WWF: I had my own reason for agreeing. Current academic history often seems to me written too exclusively for specialists, involving too exclusively a debate between professionals. Instead of developing their own vivid portrait of the past, many historians settle for responding to other historians, and only fellow scholars find warring responses very arresting. Meanwhile, most American readers of history will not settle for academic infighting. They eagerly read nonprofessionals who ignore jargon-ridden professional debates.

I think the problem starts with some graduate readings courses, especially with those that imply that doing history is all about tearing down previous historians. How refreshing to detour around previous writers and to go straight to the primary sources, to reconstruct the past.

Which Primary Sources Should We Use?

The students also had strong opinions about which primary sources to use:

JPM: We wished to use mainly traditional documents—speeches, letters, diaries, and so on. But we wanted to complement literary sources with cartoons, songs, engravings, paintings, and architecture, presented by means of slides and tapes. We also proposed making field trips to historic homes and art museums.

MV: Educators at both the primary and secondary levels have long recognized the value of “active learning” and the existence of various learning styles. Why are graduate learners any different? Alternative teaching tools can open up new worlds to even the most successful PhD students. Nonverbal primary sources enable us to reconstruct history more completely. No verbal text can convey the splendor of Monticello or the grotesque caricature of a slave child on painted canvas. Who would have thought that a group of “serious” graduate students could become giddy listening to antebellum tunes? Music, buildings, cartoons, paintings—all these nonverbal materials reveal the past more intimately.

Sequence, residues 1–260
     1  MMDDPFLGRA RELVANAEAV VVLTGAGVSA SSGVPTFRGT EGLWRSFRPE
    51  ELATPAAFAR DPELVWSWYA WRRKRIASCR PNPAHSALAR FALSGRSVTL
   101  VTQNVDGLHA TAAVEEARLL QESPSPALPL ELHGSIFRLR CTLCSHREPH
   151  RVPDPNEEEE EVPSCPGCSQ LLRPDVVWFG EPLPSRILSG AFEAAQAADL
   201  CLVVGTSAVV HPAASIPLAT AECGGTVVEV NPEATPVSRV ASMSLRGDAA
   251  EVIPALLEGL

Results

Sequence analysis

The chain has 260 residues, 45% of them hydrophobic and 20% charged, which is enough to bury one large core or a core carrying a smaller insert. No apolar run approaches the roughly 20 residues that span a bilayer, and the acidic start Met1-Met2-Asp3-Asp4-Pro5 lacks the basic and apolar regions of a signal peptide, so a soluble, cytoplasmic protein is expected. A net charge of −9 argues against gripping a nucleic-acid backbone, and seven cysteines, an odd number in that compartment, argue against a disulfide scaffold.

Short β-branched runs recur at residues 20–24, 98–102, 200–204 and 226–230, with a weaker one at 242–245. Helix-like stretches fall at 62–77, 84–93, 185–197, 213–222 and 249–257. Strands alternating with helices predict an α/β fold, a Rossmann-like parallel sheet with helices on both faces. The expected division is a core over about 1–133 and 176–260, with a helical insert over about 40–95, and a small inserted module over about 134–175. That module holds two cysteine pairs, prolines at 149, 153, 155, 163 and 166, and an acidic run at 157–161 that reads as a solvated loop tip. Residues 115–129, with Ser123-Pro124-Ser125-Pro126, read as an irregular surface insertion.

WWF: Again, I had my own reasons for liking this innovation. Training and experience with nonverbal sources too often slip through the cracks between the two customary types of graduate seminars. The papers developed in research seminars usually employ only traditional literary sources, and the debates between historians—the subject matter of many reading seminars—seldom concentrate on anything but words. Yet images and sounds are the stuff of vivid historical writing.